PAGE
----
If the manager chose the best comedian and the best singer first, the manager should then have 4 possible choices for the 3rd slot. However, if the manager chose two comedians first, then he would only have 3 possible options for the 3rd slot.
Either way he would have 2 options for the final pick.
If we wanted to maximize the possible choices, we would have to assume he picked one from each in order. That however, would lead us to 6*5*4*2 = 240.

Am I wrong?
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Re: Combinatorics [#permalink] New post 05 Oct 2009, 20:52
Also, considering the original question didn't stipulate picking order and asked for multiple methods, I would assume that the largest accurate number of possibilities would be the more precise answer since we're looking for a "maximum possible"
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Re: Combinatorics [#permalink] New post 07 Oct 2009, 10:43
The way I'm reading this (correct me if I'm wrong) is that the order of the performers matters (he is trying to create a show), so this is a permutation. The solutions presented so far assume that order doesn't matter. Thoughts?
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Re: Combinatorics [#permalink] New post 07 Oct 2009, 11:06
I think it should be 72.

Reason :

1 )The organizer can select the 1st performer out of any of the 6 performers.
2 )Now, the 2nd position can be filled by 3 ways ( from the opposite group of the 1st performer. eg If the 1st perfomer is a comedians, the 2nd performer will be any of the 3 singers )
3 ) 3rd position can be filled in by 2 ways ( becase 1 performer is already selected as 1st performer.
4 ) 4th position can be also filled by 2 ways ( 1 performer already seletcted as 2nd performer )

So, total ways = 6 *3*2*2 = 72
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Re: Combinatorics [#permalink] New post 07 Oct 2009, 20:15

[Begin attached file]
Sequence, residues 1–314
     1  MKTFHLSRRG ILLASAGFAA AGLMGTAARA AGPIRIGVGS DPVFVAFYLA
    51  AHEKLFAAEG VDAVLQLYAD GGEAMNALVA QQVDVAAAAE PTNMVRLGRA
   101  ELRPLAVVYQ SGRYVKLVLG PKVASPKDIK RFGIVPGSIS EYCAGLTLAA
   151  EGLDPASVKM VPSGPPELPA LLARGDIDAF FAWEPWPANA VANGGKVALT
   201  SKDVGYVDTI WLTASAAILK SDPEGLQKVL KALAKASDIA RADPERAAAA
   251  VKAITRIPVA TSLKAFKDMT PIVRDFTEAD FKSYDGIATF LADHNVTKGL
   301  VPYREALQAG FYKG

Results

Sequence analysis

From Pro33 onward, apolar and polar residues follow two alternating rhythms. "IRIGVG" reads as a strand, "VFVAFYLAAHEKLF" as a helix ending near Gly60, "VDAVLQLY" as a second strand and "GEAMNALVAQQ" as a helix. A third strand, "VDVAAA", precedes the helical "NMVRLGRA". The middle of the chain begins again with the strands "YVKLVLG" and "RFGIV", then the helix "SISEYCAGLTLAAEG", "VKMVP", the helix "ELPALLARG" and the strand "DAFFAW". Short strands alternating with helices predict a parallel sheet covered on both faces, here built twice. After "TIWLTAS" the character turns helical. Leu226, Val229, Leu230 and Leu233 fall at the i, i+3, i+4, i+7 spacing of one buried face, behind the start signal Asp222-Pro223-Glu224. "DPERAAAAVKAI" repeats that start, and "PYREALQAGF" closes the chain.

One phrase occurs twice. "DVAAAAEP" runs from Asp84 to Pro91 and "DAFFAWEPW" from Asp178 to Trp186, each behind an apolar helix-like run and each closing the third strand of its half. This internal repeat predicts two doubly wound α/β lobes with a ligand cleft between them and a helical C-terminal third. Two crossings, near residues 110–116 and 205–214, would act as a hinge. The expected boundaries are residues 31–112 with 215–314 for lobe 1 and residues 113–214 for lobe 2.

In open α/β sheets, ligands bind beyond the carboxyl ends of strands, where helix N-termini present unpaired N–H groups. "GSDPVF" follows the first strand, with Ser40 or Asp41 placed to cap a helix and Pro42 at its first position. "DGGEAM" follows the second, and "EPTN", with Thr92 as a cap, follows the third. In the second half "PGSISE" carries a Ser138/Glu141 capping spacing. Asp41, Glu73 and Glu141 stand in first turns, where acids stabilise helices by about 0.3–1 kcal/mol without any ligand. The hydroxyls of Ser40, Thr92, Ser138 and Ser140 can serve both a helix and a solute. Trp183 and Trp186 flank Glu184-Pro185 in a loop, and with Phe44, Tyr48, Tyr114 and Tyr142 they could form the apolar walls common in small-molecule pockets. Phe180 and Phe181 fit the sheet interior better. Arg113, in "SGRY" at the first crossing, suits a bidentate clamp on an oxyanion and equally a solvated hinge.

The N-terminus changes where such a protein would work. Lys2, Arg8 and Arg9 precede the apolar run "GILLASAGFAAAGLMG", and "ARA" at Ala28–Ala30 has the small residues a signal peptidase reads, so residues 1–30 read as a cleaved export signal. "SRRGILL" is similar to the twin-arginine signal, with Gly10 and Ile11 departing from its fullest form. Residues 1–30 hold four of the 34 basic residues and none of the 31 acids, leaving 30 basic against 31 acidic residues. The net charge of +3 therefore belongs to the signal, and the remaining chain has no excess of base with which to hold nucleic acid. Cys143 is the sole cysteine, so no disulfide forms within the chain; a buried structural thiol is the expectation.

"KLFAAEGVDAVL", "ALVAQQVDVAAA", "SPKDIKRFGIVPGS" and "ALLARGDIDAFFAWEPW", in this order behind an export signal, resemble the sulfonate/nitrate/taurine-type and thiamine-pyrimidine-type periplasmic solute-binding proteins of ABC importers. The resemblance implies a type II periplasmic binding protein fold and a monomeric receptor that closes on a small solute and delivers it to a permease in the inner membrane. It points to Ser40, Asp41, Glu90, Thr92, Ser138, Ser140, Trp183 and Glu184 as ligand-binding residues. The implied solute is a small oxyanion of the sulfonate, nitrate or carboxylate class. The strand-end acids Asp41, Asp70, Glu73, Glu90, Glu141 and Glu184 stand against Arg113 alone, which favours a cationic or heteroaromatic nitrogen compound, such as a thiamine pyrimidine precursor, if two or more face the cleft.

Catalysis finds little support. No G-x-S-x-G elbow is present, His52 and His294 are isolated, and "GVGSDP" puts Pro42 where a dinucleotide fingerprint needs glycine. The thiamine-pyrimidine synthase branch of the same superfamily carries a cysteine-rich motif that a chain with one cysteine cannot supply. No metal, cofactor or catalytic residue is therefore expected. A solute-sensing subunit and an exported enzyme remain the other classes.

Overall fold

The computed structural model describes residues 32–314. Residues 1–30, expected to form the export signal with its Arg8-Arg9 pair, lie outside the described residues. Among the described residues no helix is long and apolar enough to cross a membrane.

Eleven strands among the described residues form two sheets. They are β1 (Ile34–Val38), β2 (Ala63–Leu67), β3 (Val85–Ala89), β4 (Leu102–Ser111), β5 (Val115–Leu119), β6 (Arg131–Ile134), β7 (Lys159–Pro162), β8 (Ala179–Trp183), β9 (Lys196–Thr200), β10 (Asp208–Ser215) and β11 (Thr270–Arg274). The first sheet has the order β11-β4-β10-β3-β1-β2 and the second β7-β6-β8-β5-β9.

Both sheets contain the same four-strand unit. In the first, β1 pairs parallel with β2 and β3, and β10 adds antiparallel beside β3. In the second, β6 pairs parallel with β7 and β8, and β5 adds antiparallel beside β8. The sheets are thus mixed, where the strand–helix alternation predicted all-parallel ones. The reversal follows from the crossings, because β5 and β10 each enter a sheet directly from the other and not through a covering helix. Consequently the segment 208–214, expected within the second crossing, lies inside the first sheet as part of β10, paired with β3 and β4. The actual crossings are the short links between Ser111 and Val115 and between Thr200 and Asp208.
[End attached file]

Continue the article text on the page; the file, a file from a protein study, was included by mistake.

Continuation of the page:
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Re: Combinatorics [#permalink] New post 08 Oct 2009, 06:00
Its not clear from the question that two singer and two comedian gonna perform as a individual or in a group of two.

if 4 are going perform separately then atish is right.

ans will be 3c2*3c2*4!
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Re: Combinatorics [#permalink] New post 08 Oct 2009, 07:19
one after another - is little confisuing to me. I thought it meant commedian after singer , or singer after commedian. But looks like it is trying to mean one performer after another, in whcih case 3C2*3C2*4 ! should be the answer.
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Re: Combinatorics [#permalink] New post 08 Oct 2009, 08:42
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ssandeepan wrote:
one after another - is little confisuing to me. I thought it meant commedian after singer , or singer after commedian. But looks like it is trying to mean one performer after another, in whcih case 3C2*3C2*4 ! should be the answer.


Case 1. If we consider that one performer after another --> 4!*3C2*3C2=216
And I think that this it what was meant in the question.

Case 2. If we rearrange problem and say one group after another, the answer would be: 2!*3C2*3C2=18
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Re: Combinatorics [#permalink] New post 07 Jan 2013, 10:47
select two singers and two comedians - 3C2* 3C2
arrange them - 4!
Ans - 4!*3*3
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Re: Combinatorics [#permalink] New post 29 Dec 2013, 14:23
atish wrote:
Ways to select 2 Singers out of 3 = 3C2 = 3
Ways to select 2 Comedians out of 3 = 3C2 = 3
Ways to rearrange 4 performers = !4 = 24

Total combinations = 3*3*24=216.


Agree with you my friend, did it the exact same way

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Re: Combinatorics   [#permalink] 29 Dec 2013, 14:23